By Joel Kahn, MD
Actor George Burns said that “you can’t stop getting older, but you don’t have to get old.” Considering he lived to be 100 and was active until just before his death, his words have more impact than most.
The scientific pursuit of understanding aging is robust, and significant amounts of money are being spent on researching strategies to delay or reverse the damage aging creates. I have participated in studies where my entire genome has been sequenced as part of a growing database relating our DNA code to health.
While you might not have had your entire genome sequenced, there are steps you can take now to minimize aging in your body.
It is important to understand what inflammation is, how it relates to aging (sometimes called inflammaging), and how one food group, meat, promotes inflammaging.
What Is Inflammation?
Inflammation is a complex process in which cells and chemicals in our bodies fight infections and other threats, and it can be activated acutely or long-term.
If a threat is detected by the immune system, chemicals like histamine are released that cause blood vessels to dilate, permitting white blood cells to arrive to clean up the area.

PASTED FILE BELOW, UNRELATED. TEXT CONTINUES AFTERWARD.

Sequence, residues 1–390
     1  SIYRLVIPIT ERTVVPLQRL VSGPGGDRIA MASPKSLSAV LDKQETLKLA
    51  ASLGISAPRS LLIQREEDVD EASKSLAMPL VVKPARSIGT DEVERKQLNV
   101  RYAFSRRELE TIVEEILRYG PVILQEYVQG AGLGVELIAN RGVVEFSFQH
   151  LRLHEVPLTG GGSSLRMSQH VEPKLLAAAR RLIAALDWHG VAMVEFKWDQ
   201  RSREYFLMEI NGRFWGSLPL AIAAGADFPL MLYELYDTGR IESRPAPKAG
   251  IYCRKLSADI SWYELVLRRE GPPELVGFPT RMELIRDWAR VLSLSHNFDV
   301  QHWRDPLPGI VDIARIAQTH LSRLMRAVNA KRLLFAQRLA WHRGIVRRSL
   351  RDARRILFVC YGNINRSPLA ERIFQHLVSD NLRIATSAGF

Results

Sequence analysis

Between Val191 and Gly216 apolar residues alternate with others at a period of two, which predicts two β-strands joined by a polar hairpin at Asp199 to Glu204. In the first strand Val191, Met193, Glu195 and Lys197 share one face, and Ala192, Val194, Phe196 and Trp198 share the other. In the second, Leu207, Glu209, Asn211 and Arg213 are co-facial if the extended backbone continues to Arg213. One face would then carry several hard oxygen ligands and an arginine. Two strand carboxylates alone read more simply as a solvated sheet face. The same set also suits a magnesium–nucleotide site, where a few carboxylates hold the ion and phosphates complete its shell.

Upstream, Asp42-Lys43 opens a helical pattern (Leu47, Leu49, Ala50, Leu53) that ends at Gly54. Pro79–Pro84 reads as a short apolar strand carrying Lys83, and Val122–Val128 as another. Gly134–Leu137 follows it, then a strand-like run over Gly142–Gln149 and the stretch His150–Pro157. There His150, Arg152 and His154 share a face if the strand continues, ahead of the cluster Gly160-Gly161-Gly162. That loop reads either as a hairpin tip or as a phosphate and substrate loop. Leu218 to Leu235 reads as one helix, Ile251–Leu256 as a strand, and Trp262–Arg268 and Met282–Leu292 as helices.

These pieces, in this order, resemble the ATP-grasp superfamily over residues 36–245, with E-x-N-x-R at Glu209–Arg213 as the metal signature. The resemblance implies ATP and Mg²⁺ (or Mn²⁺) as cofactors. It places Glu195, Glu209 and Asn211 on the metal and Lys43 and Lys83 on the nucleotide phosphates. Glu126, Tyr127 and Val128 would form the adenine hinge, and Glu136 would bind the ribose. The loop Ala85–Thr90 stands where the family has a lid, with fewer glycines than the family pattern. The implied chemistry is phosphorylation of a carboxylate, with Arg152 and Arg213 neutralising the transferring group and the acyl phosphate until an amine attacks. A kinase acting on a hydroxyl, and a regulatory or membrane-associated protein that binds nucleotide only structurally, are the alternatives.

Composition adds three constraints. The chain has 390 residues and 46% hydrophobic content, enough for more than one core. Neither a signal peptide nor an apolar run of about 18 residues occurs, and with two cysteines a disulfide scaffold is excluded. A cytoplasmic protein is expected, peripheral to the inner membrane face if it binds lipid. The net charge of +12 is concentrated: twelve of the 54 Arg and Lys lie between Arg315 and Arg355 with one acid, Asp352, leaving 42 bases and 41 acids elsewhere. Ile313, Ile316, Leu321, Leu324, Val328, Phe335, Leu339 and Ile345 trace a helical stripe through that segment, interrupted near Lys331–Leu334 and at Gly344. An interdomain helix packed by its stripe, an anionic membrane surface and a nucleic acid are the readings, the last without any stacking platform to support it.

While inflammation can protect our health when it’s an acute response like a bug bite or infection, chronic inflammation is a different story.
Many medical illnesses are caused by the chronic activation of inflammatory pathways. These include asthma, acne, celiac disease, rheumatoid arthritis, and even atherosclerosis of heart arteries.
In fact, in 1856 Rudolf Virchow proposed that arterial disease was an inflammation of blood vessels and recently the role of inflammation in initiating heart disease events was proved.
You want to do everything you can to avoid increased levels of chronic inflammation, and the ability to measure inflammatory status in blood tests has advanced greatly. Patients in my preventive clinic get half a dozen tests like the high-sensitivity C-reactive protein (hs-CRP) to assess inflammation.
More than half of our immune defenses are located in our gastrointestinal tract to monitor the foods that we eat. Foods can be inflammatory and initiate a chronic response if eaten over and over, and other foods can be anti-inflammatory.
Does Meat Cause Inflammation?
t is important to consider the question of whether meat can sustain inflammation and promote aging.
I’ve found that the data favors that meat is a source of inflammaging you might want to avoid.
7 Reasons Meat Causes Inflammation
1) Meat Elevates Levels of C-Reactive Protein — An Indicator of Inflammation
Elevations of hs-CRP (high-sensitivity C-reactive protein) predict the development of serious illnesses, including cardiovascular disease. Multiple studies have found that, even after correcting for confounding factors, meat consumption associates with increased hs-CRP.